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The New City: How to Build Our Sustainable Urban Future

The New City: How to Build Our Sustainable Urban Future

Current price: $39.95
Publication Date: October 10th, 2023
Columbia University Press
The MIT Press Bookstore
1 on hand, as of Apr 22 10:29am
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Cities are at once among humanity's crowning achievements and core drivers of the climate crisis. Their dependence on the outside world for vital resources is causing global temperatures to rise and wildlife habitats to shrink. But we have the opportunity to make cities more sustainable by transforming the built environment.

Dickson D. Despommier proposes a visionary yet achievable plan for creating a new, self-sustaining urban landscape. He argues that we can find solutions through the concept of biomimicry: emulating successful strategies found in nature. A better city is possible if we heed the lessons that forests and trees teach about how to store carbon, grow food, collect rainwater, and convert sunlight into energy. Touring established and leading-edge technologies, The New City provides a blueprint for tomorrow's urban environment. Cities built from wood will be more resilient and less destructive than concrete and steel construction; they will also encourage reforestation, boosting carbon sequestration. Vertical farms inside city limits will supply residents with a reliable, healthy food supply. Buildings will harvest moisture from the rain and air to secure a clean water supply. Renewable energy, including not only wind, solar, and geothermal but also clear photovoltaic window glass and nonpolluting hydrogen fuel cells, will power a cleaner city.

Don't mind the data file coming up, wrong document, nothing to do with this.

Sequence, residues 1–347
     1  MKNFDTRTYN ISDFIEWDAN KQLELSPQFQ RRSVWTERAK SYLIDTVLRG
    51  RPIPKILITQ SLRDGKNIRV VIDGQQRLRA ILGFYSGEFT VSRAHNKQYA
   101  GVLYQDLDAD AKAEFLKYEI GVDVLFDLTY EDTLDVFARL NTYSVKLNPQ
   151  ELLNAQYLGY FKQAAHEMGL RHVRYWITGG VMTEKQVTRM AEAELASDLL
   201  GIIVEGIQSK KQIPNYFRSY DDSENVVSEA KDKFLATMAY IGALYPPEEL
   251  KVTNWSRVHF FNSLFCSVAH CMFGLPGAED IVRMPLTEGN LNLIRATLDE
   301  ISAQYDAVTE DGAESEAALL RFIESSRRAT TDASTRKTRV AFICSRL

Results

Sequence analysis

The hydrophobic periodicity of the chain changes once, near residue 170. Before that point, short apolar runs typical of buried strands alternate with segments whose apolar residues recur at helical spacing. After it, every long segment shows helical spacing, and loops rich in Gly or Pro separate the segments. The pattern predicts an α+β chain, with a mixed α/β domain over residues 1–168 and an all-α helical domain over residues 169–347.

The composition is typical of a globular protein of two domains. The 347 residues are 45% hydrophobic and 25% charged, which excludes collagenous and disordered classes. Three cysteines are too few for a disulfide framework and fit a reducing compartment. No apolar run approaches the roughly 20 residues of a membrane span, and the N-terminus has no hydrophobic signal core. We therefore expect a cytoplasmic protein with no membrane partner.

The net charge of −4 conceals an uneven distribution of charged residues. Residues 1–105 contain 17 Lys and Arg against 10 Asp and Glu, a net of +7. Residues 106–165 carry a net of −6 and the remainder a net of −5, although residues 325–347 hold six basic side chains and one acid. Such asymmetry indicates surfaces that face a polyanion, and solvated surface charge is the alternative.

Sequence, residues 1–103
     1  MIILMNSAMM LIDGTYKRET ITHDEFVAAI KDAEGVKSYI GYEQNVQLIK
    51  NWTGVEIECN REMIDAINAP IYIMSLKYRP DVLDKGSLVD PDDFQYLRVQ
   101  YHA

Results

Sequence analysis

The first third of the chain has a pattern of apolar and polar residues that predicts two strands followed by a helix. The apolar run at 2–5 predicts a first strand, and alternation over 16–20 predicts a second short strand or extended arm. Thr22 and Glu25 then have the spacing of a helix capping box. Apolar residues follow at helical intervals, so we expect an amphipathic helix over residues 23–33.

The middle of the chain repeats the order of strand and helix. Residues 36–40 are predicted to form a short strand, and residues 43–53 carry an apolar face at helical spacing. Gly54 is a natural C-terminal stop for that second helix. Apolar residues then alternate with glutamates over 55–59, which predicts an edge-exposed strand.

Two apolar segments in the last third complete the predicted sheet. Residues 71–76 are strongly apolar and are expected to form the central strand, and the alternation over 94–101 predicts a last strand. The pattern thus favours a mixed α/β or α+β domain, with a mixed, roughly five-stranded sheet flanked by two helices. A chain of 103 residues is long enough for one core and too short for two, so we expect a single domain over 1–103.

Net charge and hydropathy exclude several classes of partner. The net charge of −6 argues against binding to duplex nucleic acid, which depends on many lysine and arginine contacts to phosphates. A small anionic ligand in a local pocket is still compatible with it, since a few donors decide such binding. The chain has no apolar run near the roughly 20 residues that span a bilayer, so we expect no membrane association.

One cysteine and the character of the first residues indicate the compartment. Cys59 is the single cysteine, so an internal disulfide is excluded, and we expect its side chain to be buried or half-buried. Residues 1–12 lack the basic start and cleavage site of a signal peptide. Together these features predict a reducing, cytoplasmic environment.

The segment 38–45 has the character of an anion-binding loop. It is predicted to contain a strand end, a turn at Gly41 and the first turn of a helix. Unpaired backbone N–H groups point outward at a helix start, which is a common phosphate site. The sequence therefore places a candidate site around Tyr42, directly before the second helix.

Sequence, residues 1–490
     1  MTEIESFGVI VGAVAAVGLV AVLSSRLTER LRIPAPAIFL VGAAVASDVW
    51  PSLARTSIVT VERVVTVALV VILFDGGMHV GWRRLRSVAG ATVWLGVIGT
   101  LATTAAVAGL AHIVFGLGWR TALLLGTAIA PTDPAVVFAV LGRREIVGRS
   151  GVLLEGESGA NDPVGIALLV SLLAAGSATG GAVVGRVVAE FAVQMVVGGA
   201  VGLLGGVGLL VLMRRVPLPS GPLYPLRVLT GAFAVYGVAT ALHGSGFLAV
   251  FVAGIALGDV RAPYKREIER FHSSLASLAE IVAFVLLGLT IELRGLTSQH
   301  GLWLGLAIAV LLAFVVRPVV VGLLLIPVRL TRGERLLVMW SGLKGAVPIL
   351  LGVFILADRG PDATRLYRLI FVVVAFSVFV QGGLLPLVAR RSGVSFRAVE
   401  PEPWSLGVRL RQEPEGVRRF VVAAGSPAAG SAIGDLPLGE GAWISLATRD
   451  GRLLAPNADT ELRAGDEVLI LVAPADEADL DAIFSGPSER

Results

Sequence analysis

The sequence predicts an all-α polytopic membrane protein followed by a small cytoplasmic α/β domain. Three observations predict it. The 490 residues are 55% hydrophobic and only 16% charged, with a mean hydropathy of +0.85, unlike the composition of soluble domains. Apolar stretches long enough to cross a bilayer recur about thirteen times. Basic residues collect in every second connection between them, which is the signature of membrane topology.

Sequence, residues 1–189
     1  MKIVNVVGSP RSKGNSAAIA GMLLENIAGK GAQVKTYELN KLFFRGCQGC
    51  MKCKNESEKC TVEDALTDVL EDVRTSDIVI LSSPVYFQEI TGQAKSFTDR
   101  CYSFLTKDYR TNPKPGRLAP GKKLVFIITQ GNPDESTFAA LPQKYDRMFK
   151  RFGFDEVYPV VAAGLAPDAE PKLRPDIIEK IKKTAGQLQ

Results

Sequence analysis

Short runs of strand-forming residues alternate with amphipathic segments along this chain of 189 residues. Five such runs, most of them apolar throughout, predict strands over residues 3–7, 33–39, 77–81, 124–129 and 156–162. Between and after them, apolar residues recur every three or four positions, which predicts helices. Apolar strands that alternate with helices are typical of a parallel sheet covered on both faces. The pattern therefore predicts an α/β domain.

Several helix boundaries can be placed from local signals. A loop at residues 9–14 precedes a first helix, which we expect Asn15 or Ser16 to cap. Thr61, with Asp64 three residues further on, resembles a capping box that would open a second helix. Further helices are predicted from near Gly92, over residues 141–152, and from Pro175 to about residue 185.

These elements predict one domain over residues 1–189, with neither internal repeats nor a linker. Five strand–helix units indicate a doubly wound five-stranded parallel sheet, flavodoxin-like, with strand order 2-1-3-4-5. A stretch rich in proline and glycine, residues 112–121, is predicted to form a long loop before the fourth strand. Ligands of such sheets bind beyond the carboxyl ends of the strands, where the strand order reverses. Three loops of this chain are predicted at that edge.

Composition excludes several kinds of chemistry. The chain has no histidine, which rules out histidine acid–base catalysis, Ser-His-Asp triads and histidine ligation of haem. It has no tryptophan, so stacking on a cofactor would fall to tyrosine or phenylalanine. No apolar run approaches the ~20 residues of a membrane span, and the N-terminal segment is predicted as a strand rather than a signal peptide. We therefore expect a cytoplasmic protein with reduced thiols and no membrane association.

The New City delivers both a passionate call to action for halting climate change and a bold vision of the sustainable future within our grasp.

About the Author

Dickson D. Despommier is emeritus professor of public health and microbiology at Columbia University. His previous books include The Vertical Farm: Feeding the World in the Twenty-First Century (2010), which popularized the idea of raising crops inside tall buildings; People, Parasites, and Plowshares: Learning from Our Body's Most Terrifying Invaders (Columbia, 2013); and Parasitic Diseases (seventh edition, 2019). Mitchell Joachim is cofounder of the nonprofit architecture and urban design research group Terreform ONE and associate professor of practice at the NYU Gallatin School of Individualized Study.